This enigmatic lineage could even potentially be Homo erectus, the earliest undisputed predecessor of modern humans. There are no signs this unknown group interbred with modern humans or Neanderthals, Prüferadded. [The 10 Biggest Mysteries of the First Humans]

"Some unknown archaic DNA might have caught a ride through time by living on in Denisovans until we dug the individual up and sequenced it," Prüfertold LiveScience. "It opens up the prospect to study the sequence of an archaic (human lineage) that might be out of reach for DNA sequencing."

Interbreeding took place between Neanderthals and Denisovans as well. These new findings suggest at least 0.5 percent of the Denisovan genome came from Neanderthals. However, nothing of the Denisovan genome has been detected in Neanderthals so far.

In addition, "the age of the Neanderthals and Denisovans we sequenced also doesn't allow us to say whether any gene flow from modern humans to Neanderthals or Denisovans happened," Prüfer said. The Neanderthals and Denisovans that researchers have sequenced the DNA of to date "probably lived at a time when no modern humans were around," he explained.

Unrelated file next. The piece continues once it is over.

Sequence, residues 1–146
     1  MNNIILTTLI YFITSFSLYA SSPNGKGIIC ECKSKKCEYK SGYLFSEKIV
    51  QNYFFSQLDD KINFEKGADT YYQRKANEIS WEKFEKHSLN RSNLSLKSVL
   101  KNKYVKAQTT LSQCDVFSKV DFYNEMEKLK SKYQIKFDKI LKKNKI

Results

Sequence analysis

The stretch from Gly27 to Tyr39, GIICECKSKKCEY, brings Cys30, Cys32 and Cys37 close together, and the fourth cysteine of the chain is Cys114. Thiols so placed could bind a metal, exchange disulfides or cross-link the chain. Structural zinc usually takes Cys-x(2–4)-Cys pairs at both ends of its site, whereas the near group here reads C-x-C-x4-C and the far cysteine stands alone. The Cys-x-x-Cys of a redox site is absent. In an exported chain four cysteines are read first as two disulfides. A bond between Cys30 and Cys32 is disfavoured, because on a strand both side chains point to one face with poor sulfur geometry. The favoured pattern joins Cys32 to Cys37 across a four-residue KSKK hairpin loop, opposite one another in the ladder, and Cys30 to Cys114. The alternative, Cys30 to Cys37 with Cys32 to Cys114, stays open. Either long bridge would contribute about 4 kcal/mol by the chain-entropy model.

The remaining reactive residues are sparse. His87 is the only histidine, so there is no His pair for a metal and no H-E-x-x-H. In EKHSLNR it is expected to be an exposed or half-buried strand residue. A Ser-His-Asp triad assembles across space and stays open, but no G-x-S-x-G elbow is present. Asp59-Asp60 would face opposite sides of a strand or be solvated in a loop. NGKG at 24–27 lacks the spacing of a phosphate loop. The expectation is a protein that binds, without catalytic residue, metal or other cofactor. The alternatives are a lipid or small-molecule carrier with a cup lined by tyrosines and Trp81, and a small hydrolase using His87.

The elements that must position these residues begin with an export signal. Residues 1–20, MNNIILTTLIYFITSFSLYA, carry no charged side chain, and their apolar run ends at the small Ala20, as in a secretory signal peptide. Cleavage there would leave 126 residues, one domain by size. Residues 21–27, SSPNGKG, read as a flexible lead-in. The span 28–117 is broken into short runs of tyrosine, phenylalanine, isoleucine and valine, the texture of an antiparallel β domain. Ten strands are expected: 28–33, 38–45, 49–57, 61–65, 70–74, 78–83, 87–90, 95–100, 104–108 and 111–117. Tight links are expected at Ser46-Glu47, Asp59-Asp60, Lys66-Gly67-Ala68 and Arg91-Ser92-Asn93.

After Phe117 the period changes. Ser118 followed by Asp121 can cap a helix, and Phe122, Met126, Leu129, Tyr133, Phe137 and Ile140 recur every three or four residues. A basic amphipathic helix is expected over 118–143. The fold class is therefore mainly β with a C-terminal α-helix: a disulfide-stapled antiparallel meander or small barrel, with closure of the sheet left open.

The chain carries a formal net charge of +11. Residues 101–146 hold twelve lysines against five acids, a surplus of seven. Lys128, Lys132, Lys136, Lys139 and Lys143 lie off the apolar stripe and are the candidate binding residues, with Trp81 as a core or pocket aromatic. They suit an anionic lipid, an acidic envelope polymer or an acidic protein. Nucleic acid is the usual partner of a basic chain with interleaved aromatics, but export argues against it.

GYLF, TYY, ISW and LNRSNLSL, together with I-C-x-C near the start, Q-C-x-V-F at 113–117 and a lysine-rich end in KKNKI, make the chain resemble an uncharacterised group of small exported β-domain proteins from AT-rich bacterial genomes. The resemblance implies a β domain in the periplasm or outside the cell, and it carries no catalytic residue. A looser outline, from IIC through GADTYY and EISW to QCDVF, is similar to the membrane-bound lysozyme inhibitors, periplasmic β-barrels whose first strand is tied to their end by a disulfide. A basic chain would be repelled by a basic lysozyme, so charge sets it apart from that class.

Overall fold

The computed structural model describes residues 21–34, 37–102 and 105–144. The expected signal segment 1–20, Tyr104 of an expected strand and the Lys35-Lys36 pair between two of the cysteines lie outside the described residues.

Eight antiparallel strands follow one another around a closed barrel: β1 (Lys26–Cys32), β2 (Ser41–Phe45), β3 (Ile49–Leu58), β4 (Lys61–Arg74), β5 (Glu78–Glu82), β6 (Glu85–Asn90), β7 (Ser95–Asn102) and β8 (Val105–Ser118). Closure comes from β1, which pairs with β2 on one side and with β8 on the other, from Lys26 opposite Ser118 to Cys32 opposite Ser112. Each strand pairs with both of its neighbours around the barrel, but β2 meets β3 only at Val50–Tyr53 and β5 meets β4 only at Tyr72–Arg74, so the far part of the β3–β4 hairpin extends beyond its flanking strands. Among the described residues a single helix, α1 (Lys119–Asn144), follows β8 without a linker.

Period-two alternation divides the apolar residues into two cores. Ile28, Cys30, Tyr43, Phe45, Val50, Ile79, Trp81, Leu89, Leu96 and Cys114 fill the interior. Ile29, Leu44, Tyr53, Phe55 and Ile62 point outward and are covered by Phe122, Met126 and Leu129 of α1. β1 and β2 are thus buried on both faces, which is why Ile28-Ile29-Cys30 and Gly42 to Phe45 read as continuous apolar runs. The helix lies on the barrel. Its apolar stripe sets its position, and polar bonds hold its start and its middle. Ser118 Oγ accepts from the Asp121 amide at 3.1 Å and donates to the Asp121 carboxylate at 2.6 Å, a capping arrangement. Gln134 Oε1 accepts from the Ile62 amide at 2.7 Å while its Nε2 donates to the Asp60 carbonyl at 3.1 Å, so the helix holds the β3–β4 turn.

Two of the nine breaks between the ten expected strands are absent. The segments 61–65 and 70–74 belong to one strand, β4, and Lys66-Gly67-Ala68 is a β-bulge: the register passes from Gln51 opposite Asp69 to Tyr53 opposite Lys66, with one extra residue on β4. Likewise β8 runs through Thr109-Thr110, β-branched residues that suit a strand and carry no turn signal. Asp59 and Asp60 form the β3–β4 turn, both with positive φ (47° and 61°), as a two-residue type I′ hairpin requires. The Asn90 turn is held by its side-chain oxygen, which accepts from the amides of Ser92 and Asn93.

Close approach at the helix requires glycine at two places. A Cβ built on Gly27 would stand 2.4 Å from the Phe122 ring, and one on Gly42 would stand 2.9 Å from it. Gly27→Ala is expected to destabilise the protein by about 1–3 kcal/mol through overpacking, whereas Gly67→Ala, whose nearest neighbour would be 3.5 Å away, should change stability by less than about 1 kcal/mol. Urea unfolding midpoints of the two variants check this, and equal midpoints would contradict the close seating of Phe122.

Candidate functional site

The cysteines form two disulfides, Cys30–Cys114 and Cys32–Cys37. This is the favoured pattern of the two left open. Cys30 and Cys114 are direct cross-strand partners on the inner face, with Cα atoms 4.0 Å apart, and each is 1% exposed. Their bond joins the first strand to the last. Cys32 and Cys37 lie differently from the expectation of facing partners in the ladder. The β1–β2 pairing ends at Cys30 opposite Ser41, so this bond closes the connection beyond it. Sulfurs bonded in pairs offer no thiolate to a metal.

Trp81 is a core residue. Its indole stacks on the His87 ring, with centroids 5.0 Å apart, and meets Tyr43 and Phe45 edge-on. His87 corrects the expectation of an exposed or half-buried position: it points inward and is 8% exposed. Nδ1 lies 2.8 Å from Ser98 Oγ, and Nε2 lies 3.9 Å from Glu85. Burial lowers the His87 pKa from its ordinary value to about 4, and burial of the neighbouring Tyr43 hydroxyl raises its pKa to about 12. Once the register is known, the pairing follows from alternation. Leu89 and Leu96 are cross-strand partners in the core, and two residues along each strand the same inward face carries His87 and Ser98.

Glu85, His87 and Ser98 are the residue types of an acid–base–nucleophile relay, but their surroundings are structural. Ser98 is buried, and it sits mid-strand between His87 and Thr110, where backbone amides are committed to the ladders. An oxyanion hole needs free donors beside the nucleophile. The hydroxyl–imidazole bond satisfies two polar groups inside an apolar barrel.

Modern humans' distinguishing features

It remains uncertain when modern humans, Neanderthals and Denisovans diverged from one another. The researchers currently estimate modern humans split from the common ancestors of all Neanderthals and Denisovans between 550,000 and 765,000 years ago, and Neanderthals and Denisovans diverged from each other between 381,000 and 473,000 years ago.

Genetic analysis revealed the parents of the woman whose toe bone they analyzed were closely related — possibly half-siblings, or an uncle and niece, or an aunt and nephew, or a grandfather and granddaughter, or a grandmother and grandson. Inbreeding among close relatives was apparently common among the woman's recent ancestors. It remains uncertain as to whether inbreeding was some kind of cultural practice among these Neanderthals or whether it was unavoidable due to how few Neanderthals apparently lived in this area, Prüfer said.

By comparing modern human, Neanderthal and Denisovan genomes, the researchers identified more than 31,000 genetic changes that distinguish modern humans from Neanderthals and Denisovans. These changes may be linked with the survival and success of modern humans — a number have to do with brain development.

"If one speculates that we modern humans carry some genetic changes that enabled us to develop technology to the degree we did and settle in nearly all habitable areas on the planet, then these must be among those changes," Prüfer said. "It is hard to say what exactly these changes do, if anything, and it will take the next few years to find out whether hidden among all these changes are some that helped us modern humans to develop sophisticated technology and settle all over the planet."

Prüfer and his colleagues detailed their findings in the Dec. 19 issue of the journal Nature.